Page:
Illustration by Mengxin Li / The Verge

An art critic takes stock of the tokenized digital aesthetic

The current state of NFT art is best described as “visual dogshit,” the artist and provocateur Brad Troemel argued in a recent Instagram slideshow. Nobody actually cares what these images look like, Troemel said, so long as they can be produced quickly in large quantities, while also avoiding risky artistic gestures that might alienate crypto bros.

“The defining production method across all NFTs is that they’re auto-generated as a batch of hundreds or thousands of images to be sold at a time,” Troemel wrote, a strategy that he believes was created to “give a lot of people as little as possible.”

Looking at the viral hype-driven NFT collections, it’s easy to see what he means. The biggest NFT series tend to be procedurally generated cartoons offering variations on a theme: a monkey with sunglasses, a monkey with a gold chain necklace, and so on. These characters are more like intellectual property than art. Like Pikachu or Baby Yoda, they can be endlessly exploited for their recognizability without having to offer us anything new.

This is a common frustration in the art world. In strictly economic terms, NFTs are the biggest thing to happen to art markets in a long time — but most of them are just so insipid that they’d be more interesting if they were actively, aggressively ugly. When investors spend vast sums for a prized token, they are mostly buying bragging rights, more like a rare Fortnite skin than an object of beauty.

But it doesn’t always work that way. Literally anything can be an NFT, even a physical object, as long as it’s tagged to a token on the blockchain. And if you look closer, you’ll find a lot of genuinely interesting digital art that’s been written off because of the general NFT exhaustion.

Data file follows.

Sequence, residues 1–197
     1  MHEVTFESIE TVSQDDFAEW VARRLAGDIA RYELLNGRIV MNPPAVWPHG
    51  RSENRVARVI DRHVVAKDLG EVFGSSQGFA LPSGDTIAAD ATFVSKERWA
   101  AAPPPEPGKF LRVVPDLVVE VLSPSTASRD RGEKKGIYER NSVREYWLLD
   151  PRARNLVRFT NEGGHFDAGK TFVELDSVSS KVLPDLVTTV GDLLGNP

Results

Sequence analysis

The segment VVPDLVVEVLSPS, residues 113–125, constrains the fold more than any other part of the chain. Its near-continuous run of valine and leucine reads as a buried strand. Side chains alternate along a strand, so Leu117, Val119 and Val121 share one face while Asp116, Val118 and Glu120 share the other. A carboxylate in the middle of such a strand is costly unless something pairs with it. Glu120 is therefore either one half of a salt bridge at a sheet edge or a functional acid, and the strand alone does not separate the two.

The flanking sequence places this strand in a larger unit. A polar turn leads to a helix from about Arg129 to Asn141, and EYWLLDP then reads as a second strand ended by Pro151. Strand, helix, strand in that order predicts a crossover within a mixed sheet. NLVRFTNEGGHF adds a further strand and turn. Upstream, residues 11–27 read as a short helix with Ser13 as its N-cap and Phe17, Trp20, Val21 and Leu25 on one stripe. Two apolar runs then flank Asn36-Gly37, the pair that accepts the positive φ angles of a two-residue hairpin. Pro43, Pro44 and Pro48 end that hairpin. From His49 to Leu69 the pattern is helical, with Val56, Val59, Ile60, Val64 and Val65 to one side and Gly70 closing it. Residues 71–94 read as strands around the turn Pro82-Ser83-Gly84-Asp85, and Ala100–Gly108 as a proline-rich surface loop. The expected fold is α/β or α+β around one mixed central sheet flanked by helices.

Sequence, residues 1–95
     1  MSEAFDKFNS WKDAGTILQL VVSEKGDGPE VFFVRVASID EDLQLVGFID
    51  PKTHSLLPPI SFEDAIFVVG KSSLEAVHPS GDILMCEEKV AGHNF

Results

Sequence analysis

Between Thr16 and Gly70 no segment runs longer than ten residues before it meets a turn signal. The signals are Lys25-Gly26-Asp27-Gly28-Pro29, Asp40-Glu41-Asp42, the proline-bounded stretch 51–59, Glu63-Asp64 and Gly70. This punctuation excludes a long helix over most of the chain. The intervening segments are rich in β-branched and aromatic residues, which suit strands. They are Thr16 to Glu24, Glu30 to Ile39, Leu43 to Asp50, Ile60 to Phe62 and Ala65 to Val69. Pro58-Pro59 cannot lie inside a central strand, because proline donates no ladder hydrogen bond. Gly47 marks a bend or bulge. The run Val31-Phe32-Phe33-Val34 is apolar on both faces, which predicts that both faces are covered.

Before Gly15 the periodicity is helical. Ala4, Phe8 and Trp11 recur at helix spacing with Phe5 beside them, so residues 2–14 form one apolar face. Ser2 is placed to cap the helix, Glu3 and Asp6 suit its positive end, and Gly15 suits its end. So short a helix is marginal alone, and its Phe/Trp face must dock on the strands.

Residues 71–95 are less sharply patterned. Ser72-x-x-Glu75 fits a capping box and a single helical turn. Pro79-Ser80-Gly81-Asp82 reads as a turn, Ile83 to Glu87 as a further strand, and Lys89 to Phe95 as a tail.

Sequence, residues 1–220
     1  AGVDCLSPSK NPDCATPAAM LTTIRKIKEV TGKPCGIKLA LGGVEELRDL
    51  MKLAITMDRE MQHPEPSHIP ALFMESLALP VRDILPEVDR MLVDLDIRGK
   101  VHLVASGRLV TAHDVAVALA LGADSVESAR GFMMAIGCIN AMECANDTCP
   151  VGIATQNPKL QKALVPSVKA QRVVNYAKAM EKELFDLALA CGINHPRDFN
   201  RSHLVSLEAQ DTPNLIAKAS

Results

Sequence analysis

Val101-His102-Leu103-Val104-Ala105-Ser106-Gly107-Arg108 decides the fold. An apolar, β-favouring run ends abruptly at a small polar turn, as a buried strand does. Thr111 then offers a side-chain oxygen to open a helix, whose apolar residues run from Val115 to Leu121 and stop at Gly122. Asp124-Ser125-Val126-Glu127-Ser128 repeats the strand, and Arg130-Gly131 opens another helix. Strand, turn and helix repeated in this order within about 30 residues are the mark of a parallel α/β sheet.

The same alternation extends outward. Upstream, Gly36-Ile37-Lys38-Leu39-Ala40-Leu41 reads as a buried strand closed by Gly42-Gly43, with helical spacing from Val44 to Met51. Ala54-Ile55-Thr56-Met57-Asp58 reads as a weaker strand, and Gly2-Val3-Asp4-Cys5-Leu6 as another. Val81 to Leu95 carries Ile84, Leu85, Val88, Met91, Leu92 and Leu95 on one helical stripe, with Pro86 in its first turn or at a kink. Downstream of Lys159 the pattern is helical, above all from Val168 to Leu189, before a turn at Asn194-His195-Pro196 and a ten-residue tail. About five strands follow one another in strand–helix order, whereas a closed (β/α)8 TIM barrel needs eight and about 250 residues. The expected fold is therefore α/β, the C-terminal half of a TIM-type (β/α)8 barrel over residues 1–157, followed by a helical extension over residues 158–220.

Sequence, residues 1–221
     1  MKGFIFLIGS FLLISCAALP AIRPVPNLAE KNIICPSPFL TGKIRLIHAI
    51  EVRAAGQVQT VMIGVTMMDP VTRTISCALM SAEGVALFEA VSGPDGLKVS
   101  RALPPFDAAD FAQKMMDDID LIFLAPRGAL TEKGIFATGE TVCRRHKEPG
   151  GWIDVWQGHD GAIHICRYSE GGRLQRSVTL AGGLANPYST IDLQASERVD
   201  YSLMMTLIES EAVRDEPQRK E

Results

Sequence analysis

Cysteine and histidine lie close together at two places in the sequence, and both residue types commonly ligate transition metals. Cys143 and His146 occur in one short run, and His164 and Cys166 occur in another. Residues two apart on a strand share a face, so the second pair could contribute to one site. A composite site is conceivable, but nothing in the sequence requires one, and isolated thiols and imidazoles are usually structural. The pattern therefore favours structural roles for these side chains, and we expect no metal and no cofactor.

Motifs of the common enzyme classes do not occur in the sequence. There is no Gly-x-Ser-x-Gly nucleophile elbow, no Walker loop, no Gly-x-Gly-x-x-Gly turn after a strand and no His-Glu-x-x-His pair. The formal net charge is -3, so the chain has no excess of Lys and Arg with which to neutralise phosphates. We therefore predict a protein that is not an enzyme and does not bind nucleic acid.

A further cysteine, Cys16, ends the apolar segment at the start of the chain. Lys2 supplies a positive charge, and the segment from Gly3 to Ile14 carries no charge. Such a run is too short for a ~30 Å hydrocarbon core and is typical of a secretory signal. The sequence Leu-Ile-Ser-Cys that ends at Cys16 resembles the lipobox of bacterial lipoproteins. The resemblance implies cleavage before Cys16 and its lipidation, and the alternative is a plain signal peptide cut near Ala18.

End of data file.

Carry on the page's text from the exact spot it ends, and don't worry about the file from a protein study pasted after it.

The critic and curator Tina Rivers Ryan, one of the foremost historians of digital art, told me it’s important to distinguish different tendencies in the NFT space. There’s what she calls blockchain art, which are projects that not only use the blockchain but actively explore its limits to make us rethink concepts like value, ownership, and authenticity (this is the stuff she finds most exciting). Then there’s crypto art, a term she uses for art that celebrates cryptocurrency and its attendant subcultures — ”illustrations of you know, Elon Musk with red laser eyes, or giant gold bitcoins rotating in space.”

Then there’s everything else, most of which is neither blockchain art nor crypto art. “I would simply call it digital art, or digital design, that’s been tokenized in order to allow it to be bought and sold,” she explains.

Cryptopunk #5822, which sold for over $23 million in February.

Profile picture projects (PFPs) like Bored Ape Yacht Club mostly belong in the digital design category, and my issue with them is not that they’re repetitive, or even formulaic. Mark Rothko painted the same window-like abstractions in different colors and configurations for over twenty years. Warhol proudly manufactured his silk-screen celebrity paintings at an industrial scale with as little effort as possible — thus the name of his headquarters, the Factory. But unlike PFPs, the work of Rothko and Warhol rewards contemplation. For Rothko, the color field format was his way of inducing a state of transcendent self-examination, since the paintings resist interpretation in a way that diverts viewers’ awareness back to themselves. Warhol, meanwhile, applied industrial logic to fine art in a way that made people completely reconsider their position on what makes an object valuable or beautiful.

What makes CryptoPunk #5822 special? Not its visceral presence, nor its clever meta-commentary, but the fact that it belongs to the rarest batch in a collection of 10,000 NFTs. CryptoPunks play on nostalgia for low-bit graphics and, like many other PFPs, on gamers’ fondness for customizing characters. But making sense of a work of art requires that you look closely and try to figure out what you like, what you don’t like, and what stories it might be trying to tell you. Distinguishing one CryptoPunk or Bored Ape from another asks nothing of you; it can be done at a glance, in passing, without ever stopping to ask how it makes you feel. It provides the illusion of discernment without actually asking you to discern, in any real way, who you are and what matters to you.

A still from Replicator.